Advertisement

Review of World Economics

, Volume 143, Issue 3, pp 464–482 | Cite as

Why Do Foreign-Owned Firms Pay More? The Role of On-the-Job Training

  • Holger Görg
  • Eric Strobl
  • Frank Walsh
Article

Abstract

While foreign-owned firms have consistently been found to pay higher wages than domestic firms to what appear to be equally productive workers, the causes of this remain unresolved. In a two-period bargaining framework we show that if training is more productive and specific in foreign firms, foreign firm workers will have a steeper wage profile and thus acquire a premium over time. Using a rich employer-employee matched data set we verify that the foreign wage premium is only acquired by workers over time spent in the firm and only by those that receive on-the-job training, thus providing empirical support for a firm-specific human capital acquisition explanation.

Keywords

On-the-job training foreign-owned firms wages 

Preview

Unable to display preview. Download preview PDF.

Unable to display preview. Download preview PDF.

References

  1. 1.
    Acemoglu, D., and J. Pischke (1999). The Structure of Wages and Investment in General Training. Journal of Political Economy 107 (3): 539–572.Google Scholar
  2. 2.
    Aitken, B., A. Harrison, and R. Lipsey (1996). Wages and Foreign Ownership: A Comparative Study of Mexico, Venezuela, and the United States. Journal of International Economics 40 (3): 345–371.Google Scholar
  3. 3.
    Barron, J., M. Berger, and D. Black (1999). Replacing General with Specific Training: Why Restricting Alternatives Makes Sense. In S. Polachek and J. Robst (eds.), Research in Labor Economics. Amsterdam: JAI.Google Scholar
  4. 4.
    Becker, G. (1993). Human Capital: A Theoretical and Empirical Analysis with Special Reference to Education. Third edition. Chicago: Chicago University Press.Google Scholar
  5. 5.
    Budd, J. W., and J. Konings (2005). International Profit Sharing in Multinational Firms. Review of Economics and Statistics 87 (1): 73–84.Google Scholar
  6. 6.
    Caves, R. (1996). Multinational Enterprise and Economic Analysis. Second Edition. Cambridge: Cambridge University Press.Google Scholar
  7. 7.
    Feliciano, Z., and R. Lipsey (2006). Foreign Ownership, Wages, and Wage Changes in U.S. Industries, 1987–92. Contemporary Economic Policy 24 (1): 74–91.Google Scholar
  8. 8.
    Fosfuri, A., M. Motta, and T. Ronde (2001). Foreign Direct Investment and Spillovers Through Workers’ Mobility. Journal of International Economics 53 (1): 205–222.Google Scholar
  9. 9.
    Globerman, S., J. Ries, and I. Vertinsky (1994). The Economic Performance of Foreign Affiliates in Canada. Canadian Journal of Economics 27 (1): 143–156Google Scholar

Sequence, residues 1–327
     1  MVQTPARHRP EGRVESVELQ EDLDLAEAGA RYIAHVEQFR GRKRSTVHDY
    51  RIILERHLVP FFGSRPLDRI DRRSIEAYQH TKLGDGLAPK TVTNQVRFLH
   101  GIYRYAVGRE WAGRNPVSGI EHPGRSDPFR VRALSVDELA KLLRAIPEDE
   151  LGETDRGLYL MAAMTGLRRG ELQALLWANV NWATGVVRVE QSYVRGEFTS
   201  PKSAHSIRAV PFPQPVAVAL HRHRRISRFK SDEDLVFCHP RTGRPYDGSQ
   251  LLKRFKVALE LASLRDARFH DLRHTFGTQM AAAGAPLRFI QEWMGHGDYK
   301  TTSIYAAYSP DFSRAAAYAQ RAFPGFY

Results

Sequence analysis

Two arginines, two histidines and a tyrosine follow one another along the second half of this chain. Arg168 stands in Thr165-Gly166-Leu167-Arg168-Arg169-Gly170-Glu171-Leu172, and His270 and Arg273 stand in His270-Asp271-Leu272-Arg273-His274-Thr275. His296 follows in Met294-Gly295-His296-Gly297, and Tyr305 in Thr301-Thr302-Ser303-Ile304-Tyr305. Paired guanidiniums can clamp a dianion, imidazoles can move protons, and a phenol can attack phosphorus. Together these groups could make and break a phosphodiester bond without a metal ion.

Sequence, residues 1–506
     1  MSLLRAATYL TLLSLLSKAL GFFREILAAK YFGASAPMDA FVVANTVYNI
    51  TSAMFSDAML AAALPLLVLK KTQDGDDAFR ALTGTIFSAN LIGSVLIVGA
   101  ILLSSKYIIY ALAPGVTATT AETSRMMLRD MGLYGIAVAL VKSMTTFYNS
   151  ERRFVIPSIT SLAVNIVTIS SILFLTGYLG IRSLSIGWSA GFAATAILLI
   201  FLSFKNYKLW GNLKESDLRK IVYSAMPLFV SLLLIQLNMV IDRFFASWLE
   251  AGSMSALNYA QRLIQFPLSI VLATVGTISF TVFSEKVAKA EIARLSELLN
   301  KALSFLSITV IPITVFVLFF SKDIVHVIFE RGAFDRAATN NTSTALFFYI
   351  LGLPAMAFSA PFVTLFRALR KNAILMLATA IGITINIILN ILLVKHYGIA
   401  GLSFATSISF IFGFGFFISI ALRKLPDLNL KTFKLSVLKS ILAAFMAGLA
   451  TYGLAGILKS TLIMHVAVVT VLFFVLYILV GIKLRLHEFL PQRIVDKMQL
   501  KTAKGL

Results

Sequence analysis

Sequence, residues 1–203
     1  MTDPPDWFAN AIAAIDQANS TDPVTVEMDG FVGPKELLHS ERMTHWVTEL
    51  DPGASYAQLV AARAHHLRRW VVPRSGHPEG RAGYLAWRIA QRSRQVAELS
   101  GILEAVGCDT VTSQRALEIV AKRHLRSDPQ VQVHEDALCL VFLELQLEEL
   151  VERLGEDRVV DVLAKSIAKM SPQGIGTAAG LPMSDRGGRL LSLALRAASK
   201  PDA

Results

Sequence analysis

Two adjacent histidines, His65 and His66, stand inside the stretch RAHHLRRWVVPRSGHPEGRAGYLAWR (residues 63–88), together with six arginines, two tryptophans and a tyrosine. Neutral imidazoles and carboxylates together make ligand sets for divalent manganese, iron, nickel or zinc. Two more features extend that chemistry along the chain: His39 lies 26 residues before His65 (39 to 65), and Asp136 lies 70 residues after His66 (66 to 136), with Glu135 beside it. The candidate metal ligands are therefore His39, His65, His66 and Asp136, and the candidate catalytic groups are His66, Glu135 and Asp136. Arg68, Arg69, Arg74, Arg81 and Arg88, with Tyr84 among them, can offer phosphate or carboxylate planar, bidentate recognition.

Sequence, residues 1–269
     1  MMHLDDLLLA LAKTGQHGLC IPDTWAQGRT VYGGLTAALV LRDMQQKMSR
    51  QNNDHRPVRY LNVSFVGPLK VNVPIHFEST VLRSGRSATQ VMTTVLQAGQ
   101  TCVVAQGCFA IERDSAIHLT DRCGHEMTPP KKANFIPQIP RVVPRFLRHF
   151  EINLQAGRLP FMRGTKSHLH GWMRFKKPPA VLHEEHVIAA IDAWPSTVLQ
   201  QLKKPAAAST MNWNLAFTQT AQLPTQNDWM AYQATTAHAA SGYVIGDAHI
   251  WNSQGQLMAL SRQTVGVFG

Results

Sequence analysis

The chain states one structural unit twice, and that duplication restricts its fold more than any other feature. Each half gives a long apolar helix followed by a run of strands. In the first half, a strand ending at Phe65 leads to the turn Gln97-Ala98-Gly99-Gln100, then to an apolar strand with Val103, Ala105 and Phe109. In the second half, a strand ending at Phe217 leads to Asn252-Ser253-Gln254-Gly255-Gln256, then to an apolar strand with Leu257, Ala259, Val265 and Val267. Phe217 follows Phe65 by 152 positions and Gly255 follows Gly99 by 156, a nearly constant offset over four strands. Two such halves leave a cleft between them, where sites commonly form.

10. 10.
    Görg, H., and E. Strobl (2005). Spillovers from Foreign Firms through Worker Mobility: An Empirical Investigation. Scandinavian Journal of Economics 107 (4): 693–709.Google Scholar
  11. 11.
    Griffith, R., and H. Simpson (2004). Characteristics of Foreign-Owned Firms in British Manufacturing. In R. Blundell, D. Card, and R. Freeman (eds.), Creating a Premier League Economy. Chicago: Chicago University Press.Google Scholar
  12. 12.
    Hashimoto, M. (1981). Firm Specific Human Capital as a Shared Investment. American Economic Review 71 (3): 475–482.Google Scholar
  13. 13.
    Keller, W. (1996). Absorptive Capacity: Understanding the Creation and Acquisition of Technology in Development. Journal of Development Economics 49 (1): 199–227.Google Scholar
  14. 14.
    Lim, D. (1977). Do Foreign Companies Pay Higher Wages Than Their Local Counterparts in Malaysian Manufacturing? Journal of Development Economics 4 (1): 55–66.Google Scholar
  15. 15.
    Lipsey, R., and F. Sjöholm (2004). Foreign Direct Investment, Education and Wages in Indonesian Manufacturing. Journal of Development Economics 73 (1): 415–422.Google Scholar
  16. 16.
    Malcolmson, J. (1999). Individual Employment Contracts. In O. Ashenfelter and D. Card (eds.), Handbook of Labor Economics. Volume 3B. Amsterdam: Elsevier Science.Google Scholar
  17. 17.
    Strobl, E., and R. Thornton (2004). Do Large Employers Pay More in Developing Countries? The Case of Five African Countries. Journal of Economic Development 29 (1): 139–161.Google Scholar
  18. 18.
    Sutton, J. (1986). Non-Cooperative Bargaining Theory: An Introduction. Review of Economic Studies 53 (5): 709–724.Google Scholar
  19. 19.
    Velde, D. te, and O. Morrissey (2003). Foreign Ownership and Wages: Evidence from Five African Countries. Journal of African Economies 12 (1): 41–73.Google Scholar

Copyright information

© Kiel Institute 2007

Authors and Affiliations

  1. 1.University of NottinghamNottinghamUnited Kingdom
  2. 2.Department of EconomicsEcole Polytechnique ParisPalaiseauFrance
  3. 3.University College DublinDublinIreland

Personalised recommendations